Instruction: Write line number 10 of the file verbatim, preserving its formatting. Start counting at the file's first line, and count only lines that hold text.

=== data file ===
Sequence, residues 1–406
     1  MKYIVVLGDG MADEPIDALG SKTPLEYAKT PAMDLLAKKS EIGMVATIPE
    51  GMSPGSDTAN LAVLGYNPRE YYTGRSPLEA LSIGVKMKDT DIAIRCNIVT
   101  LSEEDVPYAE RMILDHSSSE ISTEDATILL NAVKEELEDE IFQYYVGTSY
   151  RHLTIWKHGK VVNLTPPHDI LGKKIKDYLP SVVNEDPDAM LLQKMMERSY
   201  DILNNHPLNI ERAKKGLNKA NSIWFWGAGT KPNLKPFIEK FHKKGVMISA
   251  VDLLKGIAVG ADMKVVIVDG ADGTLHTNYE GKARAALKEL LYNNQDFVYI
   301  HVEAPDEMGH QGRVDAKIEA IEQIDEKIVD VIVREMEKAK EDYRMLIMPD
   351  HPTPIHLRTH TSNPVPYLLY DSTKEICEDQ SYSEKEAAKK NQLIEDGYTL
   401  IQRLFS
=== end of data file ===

   401  IQRLFS